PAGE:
Complex Plastic Surgery Cases

Plastic Surgery Division Tackles Toughest Reconstructive Plastic Surgery Cases

Say the words "plastic surgery" and most people immediately think of cosmetic procedures such as facelifts, breast augmentation or liposuction. But at University of Maryland Medical Center, a long list of far more complex — and perhaps unexpected — procedures also apply, from burn restoration to limb reconstruction to massive hernia repair and more.

In the 25 years since Sheri Slezak, MD, chief of the Division of Plastic Surgery, arrived at UMMC, the division staff has grown from three to 10 physicians, many working at several affiliate locations and involved in innovative clinical trials that set the program apart from others in the region and the rest of the nation.

"There's been a tremendous growth in plastic surgery … and plastic surgery in a teaching hospital like ours is almost all reconstructive," says Dr. Slezak, who is also a professor of surgery at University of Maryland School of Medicine. "We do a lot of tertiary procedures such as wounds, cancer resections, facial and limb fractures, head and neck reconstruction after cancer and burns. Plastic surgeons treat the skin and its contents, head to toe, male and female, from babies to the elderly."

10 Reconstructive Plastic Surgeons, Multiple Locations

Cosmetic surgery is, of course, part of the extensive offerings of the Division of Plastic Surgery — as well as taught to medical residents here — and Dr. Slezak points to the many locations served by staff members as evidence of the division's wide reach. In addition to the main campus, satellite locations include UMMC Midtown Campus; UM Rehabilitation & Orthopaedic Institute (former Kernan Hospital – cleft palate specialty); UM St. Joseph Medical Center; St. Agnes Hospital; UM Baltimore Washington Medical Center; UM Shore Medical Center at Chestertown, Greater Baltimore Medical Center, and a practice in Timonium.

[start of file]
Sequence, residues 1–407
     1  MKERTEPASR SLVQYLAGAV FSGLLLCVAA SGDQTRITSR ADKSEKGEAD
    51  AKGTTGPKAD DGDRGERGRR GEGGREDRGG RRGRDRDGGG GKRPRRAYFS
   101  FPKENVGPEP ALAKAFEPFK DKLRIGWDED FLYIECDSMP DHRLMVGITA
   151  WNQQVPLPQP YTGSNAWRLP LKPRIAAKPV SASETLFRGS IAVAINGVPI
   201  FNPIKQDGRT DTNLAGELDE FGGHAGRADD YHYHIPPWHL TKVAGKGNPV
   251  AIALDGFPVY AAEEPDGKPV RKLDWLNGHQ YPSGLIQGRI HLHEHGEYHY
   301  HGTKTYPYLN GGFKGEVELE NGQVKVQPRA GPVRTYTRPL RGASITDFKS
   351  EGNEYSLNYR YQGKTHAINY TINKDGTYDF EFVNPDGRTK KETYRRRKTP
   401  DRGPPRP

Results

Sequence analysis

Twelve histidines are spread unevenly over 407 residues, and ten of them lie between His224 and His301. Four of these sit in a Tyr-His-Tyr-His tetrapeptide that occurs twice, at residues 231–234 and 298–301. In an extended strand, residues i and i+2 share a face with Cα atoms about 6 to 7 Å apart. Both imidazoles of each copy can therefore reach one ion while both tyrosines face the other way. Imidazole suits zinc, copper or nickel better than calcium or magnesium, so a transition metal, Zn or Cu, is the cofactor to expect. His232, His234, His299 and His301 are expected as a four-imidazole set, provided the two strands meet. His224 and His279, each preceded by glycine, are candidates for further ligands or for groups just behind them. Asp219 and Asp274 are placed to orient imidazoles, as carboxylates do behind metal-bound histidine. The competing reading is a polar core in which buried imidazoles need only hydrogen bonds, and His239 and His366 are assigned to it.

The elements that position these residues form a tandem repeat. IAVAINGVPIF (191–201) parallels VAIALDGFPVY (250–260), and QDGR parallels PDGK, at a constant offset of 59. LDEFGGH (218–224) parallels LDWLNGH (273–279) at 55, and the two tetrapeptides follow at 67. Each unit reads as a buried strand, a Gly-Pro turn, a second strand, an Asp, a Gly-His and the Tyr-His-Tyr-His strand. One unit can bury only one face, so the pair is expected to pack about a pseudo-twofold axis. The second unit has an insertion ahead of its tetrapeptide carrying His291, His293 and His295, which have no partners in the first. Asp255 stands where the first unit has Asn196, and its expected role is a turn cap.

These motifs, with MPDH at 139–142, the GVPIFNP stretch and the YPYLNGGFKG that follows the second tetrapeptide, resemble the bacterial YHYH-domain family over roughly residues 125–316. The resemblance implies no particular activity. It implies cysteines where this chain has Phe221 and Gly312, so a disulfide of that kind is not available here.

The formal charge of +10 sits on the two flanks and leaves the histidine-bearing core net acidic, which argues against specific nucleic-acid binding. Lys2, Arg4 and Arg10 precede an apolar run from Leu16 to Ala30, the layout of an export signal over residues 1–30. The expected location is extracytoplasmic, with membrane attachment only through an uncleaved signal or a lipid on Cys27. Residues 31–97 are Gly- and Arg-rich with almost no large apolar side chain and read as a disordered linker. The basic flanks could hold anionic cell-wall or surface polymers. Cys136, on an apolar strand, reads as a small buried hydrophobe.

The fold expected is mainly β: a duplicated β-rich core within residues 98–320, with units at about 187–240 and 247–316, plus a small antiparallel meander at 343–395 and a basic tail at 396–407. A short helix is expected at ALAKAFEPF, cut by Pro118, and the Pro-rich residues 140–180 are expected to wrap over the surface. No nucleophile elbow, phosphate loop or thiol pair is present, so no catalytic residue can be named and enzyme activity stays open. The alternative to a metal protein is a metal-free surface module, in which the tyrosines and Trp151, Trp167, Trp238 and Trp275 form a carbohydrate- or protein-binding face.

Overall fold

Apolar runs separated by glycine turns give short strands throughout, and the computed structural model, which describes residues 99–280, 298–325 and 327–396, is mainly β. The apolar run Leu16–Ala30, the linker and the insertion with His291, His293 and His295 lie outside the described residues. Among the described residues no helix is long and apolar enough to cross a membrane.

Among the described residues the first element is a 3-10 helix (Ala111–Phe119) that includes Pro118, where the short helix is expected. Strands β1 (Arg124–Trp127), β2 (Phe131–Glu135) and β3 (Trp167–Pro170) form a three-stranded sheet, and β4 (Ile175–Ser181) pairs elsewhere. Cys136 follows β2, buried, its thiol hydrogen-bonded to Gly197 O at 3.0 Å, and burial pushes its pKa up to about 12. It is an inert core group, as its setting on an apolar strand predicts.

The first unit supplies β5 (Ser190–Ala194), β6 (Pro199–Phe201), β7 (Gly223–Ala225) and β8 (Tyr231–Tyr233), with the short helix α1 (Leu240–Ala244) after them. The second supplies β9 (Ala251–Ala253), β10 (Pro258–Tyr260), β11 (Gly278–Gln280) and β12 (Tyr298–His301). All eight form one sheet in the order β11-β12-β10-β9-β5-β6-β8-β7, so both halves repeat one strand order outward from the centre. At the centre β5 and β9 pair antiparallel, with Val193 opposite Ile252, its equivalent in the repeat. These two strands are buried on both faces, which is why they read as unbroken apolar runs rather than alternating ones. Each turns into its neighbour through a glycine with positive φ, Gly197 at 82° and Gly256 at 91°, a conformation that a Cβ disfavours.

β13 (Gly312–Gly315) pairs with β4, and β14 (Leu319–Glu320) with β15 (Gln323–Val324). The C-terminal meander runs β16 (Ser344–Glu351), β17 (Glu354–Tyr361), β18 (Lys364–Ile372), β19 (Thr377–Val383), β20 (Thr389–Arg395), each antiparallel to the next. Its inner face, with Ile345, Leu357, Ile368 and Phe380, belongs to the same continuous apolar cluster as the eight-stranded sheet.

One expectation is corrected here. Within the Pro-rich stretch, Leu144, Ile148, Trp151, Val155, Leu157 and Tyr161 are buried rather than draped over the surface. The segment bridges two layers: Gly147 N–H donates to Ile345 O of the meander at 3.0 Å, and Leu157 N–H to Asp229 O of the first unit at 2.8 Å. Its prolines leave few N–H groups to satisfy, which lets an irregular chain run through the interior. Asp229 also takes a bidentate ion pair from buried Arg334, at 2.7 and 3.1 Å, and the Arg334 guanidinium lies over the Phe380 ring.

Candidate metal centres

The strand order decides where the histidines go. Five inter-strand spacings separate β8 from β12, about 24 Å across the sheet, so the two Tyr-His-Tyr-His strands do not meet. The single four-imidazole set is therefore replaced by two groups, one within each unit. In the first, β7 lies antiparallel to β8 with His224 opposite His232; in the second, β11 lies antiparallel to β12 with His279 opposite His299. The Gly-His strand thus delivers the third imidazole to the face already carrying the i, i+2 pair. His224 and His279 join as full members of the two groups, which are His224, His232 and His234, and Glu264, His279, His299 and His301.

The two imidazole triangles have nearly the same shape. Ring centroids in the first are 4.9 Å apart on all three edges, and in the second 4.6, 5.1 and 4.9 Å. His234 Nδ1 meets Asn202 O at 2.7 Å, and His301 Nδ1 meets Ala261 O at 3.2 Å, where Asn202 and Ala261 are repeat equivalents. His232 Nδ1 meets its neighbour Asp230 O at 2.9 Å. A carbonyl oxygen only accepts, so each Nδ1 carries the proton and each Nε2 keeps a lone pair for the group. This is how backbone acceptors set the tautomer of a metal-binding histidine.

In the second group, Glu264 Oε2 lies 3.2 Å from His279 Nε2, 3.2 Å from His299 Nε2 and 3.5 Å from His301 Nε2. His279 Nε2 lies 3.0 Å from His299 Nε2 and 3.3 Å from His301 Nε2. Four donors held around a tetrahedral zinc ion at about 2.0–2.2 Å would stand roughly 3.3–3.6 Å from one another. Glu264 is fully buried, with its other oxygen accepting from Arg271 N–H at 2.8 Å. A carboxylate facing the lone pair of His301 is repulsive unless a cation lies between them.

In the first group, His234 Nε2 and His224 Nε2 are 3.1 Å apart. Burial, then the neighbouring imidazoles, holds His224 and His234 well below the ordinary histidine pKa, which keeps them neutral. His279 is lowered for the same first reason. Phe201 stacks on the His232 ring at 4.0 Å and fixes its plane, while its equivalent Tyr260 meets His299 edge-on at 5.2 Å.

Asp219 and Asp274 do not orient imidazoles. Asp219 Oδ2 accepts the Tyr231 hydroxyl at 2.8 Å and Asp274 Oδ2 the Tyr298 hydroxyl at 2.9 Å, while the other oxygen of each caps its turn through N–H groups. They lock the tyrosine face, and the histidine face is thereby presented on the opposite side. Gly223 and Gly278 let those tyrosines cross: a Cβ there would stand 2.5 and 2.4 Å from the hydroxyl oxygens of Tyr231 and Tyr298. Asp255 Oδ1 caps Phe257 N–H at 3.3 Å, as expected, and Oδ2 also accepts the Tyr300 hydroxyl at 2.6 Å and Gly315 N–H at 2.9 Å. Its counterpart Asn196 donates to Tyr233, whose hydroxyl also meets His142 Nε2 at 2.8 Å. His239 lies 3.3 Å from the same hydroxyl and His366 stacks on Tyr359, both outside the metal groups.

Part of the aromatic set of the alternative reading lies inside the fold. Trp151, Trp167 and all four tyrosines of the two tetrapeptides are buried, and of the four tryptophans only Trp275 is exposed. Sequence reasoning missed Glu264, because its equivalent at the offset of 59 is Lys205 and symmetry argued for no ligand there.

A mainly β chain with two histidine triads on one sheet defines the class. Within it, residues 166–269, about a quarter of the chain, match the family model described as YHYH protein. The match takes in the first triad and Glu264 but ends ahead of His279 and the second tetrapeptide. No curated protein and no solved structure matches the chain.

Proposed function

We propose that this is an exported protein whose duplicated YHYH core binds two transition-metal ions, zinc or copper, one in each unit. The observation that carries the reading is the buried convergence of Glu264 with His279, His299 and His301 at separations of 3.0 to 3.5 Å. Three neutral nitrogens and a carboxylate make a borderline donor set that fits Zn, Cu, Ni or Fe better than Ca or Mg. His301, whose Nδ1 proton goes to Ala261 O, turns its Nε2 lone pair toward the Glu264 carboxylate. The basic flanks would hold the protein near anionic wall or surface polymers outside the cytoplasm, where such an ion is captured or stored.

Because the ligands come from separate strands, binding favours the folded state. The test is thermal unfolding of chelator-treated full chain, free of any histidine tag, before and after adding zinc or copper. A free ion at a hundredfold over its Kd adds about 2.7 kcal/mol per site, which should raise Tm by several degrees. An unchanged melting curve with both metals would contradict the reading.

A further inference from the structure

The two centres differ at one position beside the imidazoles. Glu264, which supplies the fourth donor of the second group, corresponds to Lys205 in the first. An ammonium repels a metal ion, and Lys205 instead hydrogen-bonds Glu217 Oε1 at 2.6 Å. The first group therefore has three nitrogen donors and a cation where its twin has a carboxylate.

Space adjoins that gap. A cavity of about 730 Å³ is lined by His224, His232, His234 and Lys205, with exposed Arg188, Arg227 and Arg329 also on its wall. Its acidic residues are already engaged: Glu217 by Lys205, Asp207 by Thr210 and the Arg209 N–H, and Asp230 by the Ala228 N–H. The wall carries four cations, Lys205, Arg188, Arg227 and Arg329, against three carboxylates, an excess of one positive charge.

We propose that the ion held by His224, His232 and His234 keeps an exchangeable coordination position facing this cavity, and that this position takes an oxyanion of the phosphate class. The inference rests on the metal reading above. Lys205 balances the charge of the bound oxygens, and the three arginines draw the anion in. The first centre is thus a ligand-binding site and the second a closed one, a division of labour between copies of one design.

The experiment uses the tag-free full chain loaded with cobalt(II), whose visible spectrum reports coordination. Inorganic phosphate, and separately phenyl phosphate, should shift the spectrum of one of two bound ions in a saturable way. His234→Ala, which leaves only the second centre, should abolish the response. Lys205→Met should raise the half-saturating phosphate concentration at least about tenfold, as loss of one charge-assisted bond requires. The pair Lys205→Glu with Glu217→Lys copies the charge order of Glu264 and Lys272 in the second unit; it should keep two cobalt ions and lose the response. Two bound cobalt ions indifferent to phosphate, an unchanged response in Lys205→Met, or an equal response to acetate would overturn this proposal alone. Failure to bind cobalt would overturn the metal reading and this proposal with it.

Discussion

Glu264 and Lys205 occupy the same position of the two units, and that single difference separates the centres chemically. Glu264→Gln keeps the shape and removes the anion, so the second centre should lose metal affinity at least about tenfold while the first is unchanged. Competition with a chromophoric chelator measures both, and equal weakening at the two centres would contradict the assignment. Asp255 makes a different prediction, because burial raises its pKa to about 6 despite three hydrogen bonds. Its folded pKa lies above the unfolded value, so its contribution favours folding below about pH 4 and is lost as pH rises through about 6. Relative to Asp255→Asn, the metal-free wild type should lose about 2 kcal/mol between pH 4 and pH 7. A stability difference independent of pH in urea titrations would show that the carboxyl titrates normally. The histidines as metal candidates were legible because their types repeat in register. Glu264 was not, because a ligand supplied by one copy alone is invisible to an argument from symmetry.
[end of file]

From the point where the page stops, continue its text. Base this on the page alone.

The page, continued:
Dr. Slezak is joined in the Division of Plastic Surgery by Rachel Bluebond-Langner, MD; Yvonne Rasko, MD; Ronald Silverman, MD; Nelson Goldberg, MD; and Michael R. Christy, MD.

"Nelson Goldberg has been here 30-plus years, I've been here for 25, and we have new, young physicians who have been here just a year, so it's nice to have the interaction between the different levels of experience," explains Dr. Slezak. "We help each other so that we have the perfect blend of experience and new technology.

"Each of us go to separate hospitals … but we discuss difficult cases, show pictures to each other and ask each other's advice," she adds. "That's one of the great advantages of academic practice — you have fellow surgeons to consult with."

New Techniques Improve Outcome

As a tertiary referral center, UMMC handles more complex plastic surgery cases requiring the interaction of many specialties, including oncology, general surgery, trauma and others. Compared to community plastic surgery practices, "there's more interdisciplinary assessment of cases, with physicians working together to come to the best solution," Dr. Slezak notes.

"Plastic surgery is very innovative," she says. "It's not like if you've done one, you've done them all. Every patient is different... it's a very individual process."

Distinctive research on a broad spectrum of plastic surgery topics is helping to single out UMMC in subjects such as wound care, biologic meshes and negative pressure dressings. More than 20 research projects are currently in progress, he says, spread across animal studies, clinical outcomes and clinical trials.

A newer technique helping to improve outcomes is the use of indocyanine green (ICG) angiography to confirm adequate blood flow to skin areas during and after surgery. After the dye is injected, an infrared laser aimed at the skin will show if it's properly perfused.

Key Points:

  • Division of Plastic Surgery has grown from three to 10 physicians in last quarter-century
  • Plastic surgeons tackle tough cases involving issues such as burns, limb reconstruction and complex hernia repair in addition to cosmetic surgery
  • Plastic surgery patients served in many affiliate locations throughout UMMC system
  • More than 20 ongoing research problems address issues such as wound care, biologic meshes, negative pressure dressings and potential abdominal wall transplants

To reach the Division of Plastic Surgery directly, please call 410-328-2360.

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